The bill would give the interior minister the authority to cancel municipal bylaws, including ones concerning the opening of businesses on Shabbat. It will not apply, however, to existing bylaws approved by the High Court, such as the ones allowing supermarkets to remain open in Tel Aviv.
Lieberman and his fellow Yisrael Beytenu party member Minister Sofa Landver were the only ones to vote against the bill at the government meeting on Sunday. The bill nevertheless passed in the Ministerial Committee for Legislation as well.
"We don't think it's right at this time to drag the country to early elections. At the current sensitive security situation, it's wrong for someone in the current coalition to bring down the right-wing government," Lieberman said during an Yisrael Beytenu party meeting on Monday.
He added that "if this government does go to early elections, it would be because of the Haredi parties who made unilateral declarations about the Shabbat, the draft law, and the supermarkets bill."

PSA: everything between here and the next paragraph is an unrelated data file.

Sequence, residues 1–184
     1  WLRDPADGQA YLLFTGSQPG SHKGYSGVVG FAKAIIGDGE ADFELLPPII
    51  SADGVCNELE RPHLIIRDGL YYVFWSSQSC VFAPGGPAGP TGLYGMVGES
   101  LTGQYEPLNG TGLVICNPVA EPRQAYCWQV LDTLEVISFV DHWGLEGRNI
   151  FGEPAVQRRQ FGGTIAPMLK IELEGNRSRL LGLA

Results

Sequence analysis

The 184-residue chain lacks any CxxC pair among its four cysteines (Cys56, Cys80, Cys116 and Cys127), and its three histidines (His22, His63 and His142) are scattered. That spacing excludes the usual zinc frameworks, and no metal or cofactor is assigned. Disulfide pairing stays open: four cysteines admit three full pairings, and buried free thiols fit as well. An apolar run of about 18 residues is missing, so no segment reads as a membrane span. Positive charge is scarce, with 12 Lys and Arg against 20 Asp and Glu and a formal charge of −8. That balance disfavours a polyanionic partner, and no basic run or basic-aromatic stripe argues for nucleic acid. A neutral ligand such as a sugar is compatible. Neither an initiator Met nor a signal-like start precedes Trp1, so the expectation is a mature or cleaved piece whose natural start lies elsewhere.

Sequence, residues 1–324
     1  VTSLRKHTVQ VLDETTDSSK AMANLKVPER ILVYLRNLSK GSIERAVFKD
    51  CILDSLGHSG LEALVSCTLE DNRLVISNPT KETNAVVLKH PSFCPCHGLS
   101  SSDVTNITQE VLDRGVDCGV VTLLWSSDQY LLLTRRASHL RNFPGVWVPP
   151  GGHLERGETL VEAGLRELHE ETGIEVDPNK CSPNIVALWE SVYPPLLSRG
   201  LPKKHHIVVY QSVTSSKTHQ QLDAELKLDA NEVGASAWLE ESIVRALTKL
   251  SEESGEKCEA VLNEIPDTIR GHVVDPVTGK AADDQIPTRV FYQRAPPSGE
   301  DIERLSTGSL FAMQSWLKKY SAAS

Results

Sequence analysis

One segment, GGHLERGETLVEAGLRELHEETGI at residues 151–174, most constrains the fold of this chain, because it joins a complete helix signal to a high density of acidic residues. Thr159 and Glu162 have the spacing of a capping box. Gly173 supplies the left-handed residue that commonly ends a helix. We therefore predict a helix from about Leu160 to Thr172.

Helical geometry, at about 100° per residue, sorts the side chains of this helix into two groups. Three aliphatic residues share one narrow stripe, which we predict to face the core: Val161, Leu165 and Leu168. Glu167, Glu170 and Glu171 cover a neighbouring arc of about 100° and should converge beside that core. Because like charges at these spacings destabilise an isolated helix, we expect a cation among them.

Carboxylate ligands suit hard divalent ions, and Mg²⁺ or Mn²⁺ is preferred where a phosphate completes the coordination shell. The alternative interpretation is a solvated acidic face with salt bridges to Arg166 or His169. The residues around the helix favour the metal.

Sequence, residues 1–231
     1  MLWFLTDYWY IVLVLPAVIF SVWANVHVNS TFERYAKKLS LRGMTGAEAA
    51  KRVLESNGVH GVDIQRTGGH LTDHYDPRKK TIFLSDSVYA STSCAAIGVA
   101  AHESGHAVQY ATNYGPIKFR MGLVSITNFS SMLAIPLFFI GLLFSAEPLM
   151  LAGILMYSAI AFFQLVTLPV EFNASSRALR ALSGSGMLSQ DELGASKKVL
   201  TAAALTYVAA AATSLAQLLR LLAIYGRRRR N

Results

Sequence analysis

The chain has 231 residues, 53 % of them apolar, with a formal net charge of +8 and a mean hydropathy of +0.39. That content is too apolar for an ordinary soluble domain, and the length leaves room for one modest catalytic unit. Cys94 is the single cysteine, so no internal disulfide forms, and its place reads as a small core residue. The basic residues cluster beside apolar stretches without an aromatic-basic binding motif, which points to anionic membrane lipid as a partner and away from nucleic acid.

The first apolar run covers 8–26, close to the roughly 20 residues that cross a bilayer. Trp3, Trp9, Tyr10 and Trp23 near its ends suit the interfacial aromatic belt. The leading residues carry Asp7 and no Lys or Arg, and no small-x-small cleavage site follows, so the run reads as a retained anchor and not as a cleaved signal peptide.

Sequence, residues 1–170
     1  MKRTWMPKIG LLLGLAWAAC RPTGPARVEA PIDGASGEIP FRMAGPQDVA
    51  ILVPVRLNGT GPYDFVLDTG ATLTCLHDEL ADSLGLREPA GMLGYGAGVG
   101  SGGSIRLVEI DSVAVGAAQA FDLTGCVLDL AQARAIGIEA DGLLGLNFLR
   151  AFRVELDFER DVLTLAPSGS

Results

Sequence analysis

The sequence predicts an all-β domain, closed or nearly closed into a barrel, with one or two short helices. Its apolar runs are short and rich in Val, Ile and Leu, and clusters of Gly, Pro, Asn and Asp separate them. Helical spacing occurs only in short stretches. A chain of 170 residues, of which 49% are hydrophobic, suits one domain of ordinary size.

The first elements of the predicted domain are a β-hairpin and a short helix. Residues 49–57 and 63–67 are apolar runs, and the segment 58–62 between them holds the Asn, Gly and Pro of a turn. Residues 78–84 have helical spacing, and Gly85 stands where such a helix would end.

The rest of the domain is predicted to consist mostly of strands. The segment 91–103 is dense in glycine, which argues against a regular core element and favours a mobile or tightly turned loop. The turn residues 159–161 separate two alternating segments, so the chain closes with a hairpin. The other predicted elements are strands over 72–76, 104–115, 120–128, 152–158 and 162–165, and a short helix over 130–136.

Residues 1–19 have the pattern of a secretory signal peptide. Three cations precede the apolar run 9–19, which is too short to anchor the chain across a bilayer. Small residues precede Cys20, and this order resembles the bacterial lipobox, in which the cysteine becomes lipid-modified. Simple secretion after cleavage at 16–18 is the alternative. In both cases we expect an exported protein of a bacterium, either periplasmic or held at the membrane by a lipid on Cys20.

Lieberman announced last week that his party would vote against the bill proposal in the Knesset. On Monday, he took credit for the fact the legislation, which was supposed to be brought to a vote in the Knesset, has been removed from the lawmakers' agenda.
"I hope we will be able to stop the legislation in the future as well, as it truly is a blatant violation of the status quo, a blatant violation of everything we've gotten used to in recent years," Lieberman said.
"The interference of the national government in the affairs of the local government is undesirable," he added. "Any mayor in any city knows better (what would benefit their city). There is no reason to open a convenience store on Shabbat in Bnei Brak, and there is no reason to close one in Rosh Pina. Each place (should decide) based on the nature and character of the community."